- To survive, many have resorted to cutting down trees for firewood and charcoal, often paying a levy to militia groups for access to Africa's oldest national park, home to spectacular species of wildlife including mountain gorillas.
Kibati. Acrid smoke swirls amid the buzzing of dozens of chainsaws under the majestic Nyiragongo volcano, producing scenes of devastation in the heart of the lush natural treasure in eastern DR Congo.
In less than two months, more than 200 hectares (500 acres) of forest have been razed to stumps in this corner of the Virunga National Park, where tens of thousands of Congolese have fled from clashes between rebels and the military.
To survive, many have resorted to cutting down trees for firewood and charcoal, often paying a levy to militia groups for access to Africa's oldest national park, home to spectacular species of wildlife including mountain gorillas.
"Since the arrival of the displaced, we've had deforestation in the Nyiragongo volcano zone -- it's extremely worrying," park official Methode Uhoze said.
The new arrivals were forced from homes farther north by the advancing M23 militia, which resumed fighting in November 2021 after accusing the Congolese government of failing to honour an agreement to incorporate its fighters into the army.
Fabrice, 15, said he fled fighting in his village of Rugari, around 30 kilometres (20 miles) north of the provincial capital of Goma, along the border with Rwanda.
He leaves each morning for the park to make the charcoal, called "makala," which he then sells with two brothers on the side of a road.
"It's to make a living," he told AFP.
A woman at a clandestine makala market on the main road to Goma, who asked that her name not be used, said people who cut down trees had to pay taxes to militias, including the FDLR -- a descendant of Rwandan Hutu extremist groups that carried out the 1994 Tutsi genocide in Rwanda.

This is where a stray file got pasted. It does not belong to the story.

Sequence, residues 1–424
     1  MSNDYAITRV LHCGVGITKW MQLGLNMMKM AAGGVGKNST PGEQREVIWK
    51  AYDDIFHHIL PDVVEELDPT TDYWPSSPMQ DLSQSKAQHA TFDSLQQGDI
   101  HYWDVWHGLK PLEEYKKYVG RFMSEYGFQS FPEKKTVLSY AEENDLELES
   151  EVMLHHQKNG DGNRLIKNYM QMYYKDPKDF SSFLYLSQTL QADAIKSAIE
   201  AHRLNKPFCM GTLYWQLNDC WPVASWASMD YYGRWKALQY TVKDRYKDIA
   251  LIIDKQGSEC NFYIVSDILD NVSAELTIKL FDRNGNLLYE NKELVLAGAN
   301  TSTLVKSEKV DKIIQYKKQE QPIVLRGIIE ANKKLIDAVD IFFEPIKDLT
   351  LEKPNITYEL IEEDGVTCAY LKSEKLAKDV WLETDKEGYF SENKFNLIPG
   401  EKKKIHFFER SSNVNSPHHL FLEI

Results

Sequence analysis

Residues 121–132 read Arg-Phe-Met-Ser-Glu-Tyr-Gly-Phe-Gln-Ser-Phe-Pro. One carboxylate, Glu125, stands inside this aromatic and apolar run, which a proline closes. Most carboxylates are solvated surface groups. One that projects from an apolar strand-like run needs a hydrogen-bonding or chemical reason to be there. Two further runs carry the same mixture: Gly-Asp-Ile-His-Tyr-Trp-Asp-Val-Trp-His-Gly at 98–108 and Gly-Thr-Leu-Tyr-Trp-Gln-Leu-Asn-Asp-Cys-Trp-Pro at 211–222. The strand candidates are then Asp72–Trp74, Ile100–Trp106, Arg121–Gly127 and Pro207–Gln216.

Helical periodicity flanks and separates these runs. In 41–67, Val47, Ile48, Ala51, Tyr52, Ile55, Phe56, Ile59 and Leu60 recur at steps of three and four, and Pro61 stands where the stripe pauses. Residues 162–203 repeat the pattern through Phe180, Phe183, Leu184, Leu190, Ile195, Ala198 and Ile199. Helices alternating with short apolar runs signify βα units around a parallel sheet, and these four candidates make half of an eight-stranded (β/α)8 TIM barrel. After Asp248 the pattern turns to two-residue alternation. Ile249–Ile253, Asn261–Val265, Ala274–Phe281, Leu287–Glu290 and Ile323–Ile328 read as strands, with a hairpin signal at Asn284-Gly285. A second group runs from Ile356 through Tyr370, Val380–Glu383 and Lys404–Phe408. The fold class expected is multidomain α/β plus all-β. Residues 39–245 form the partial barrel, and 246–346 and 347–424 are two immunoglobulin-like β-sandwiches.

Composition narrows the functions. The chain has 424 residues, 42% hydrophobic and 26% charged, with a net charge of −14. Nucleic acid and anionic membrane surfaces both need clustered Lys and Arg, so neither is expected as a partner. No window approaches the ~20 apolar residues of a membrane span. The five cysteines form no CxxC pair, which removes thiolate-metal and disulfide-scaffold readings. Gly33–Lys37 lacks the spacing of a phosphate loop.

But another seller pointed to a Congolese soldier carrying a sack of makala. "Look, even the soldiers here are making charcoal!" she said.
Higher up on the slopes of the volcano, soldiers and militiamen jointly organised the trafficking operation in the park, each crossing paths and even rival roadblocks with ease, as an AFP team watched.
Just a few months ago, the area was still under the authority of Virunga park officials.
But these days, rangers call the various militias first to alert them before venturing out, a bid to avoid harassment or worse.
In December, two rangers were killed and another wounded by suspected militiamen.
"FDLR fighters have even sold plots of land, saying 'this is the end for the park'," said Mugisha, a young man making charcoal to help support his family after fleeing the M23 in Rugari.
"We know the problems of cutting down trees in the park but we do it because we're hungry," said Byikusenge Ndibeshe, another young man lugging a load of wood on his back as he hiked back down from the volcano.
"We'd like to return home and not touch the park anymore," he said.
But despite signing a ceasefire deal in the region with the government last November, M23 has continued to clash with rival armed groups as it conquered swathes of territory in North Kivu province and advanced toward Goma.
Tens of thousands of refugees have also fled to Rwanda, which DR Congo accuses of backing the Tutsi-led M23, though Kigali denies the charge.
Last week, Rwandan President Paul Kagame said the country would no longer accept people escaping the violence next door, further stoking tensions between the two countries.